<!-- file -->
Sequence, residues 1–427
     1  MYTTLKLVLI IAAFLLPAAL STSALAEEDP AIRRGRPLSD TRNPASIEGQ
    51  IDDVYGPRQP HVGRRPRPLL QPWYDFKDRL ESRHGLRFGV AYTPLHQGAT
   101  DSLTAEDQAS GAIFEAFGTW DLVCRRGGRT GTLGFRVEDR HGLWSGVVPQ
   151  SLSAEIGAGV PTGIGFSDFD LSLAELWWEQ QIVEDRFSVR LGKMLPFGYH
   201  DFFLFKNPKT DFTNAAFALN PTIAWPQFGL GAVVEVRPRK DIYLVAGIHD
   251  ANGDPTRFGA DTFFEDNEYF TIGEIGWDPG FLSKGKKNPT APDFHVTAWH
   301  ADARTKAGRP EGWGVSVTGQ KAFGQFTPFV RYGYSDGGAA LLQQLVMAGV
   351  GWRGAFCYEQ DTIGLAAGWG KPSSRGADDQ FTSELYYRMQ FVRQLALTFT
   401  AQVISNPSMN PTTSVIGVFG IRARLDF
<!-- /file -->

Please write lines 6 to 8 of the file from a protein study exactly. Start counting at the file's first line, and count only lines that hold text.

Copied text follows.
   201  DFFLFKNPKT DFTNAAFALN PTIAWPQFGL GAVVEVRPRK DIYLVAGIHD
   251  ANGDPTRFGA DTFFEDNEYF TIGEIGWDPG FLSKGKKNPT APDFHVTAWH
   301  ADARTKAGRP EGWGVSVTGQ KAFGQFTPFV RYGYSDGGAA LLQQLVMAGV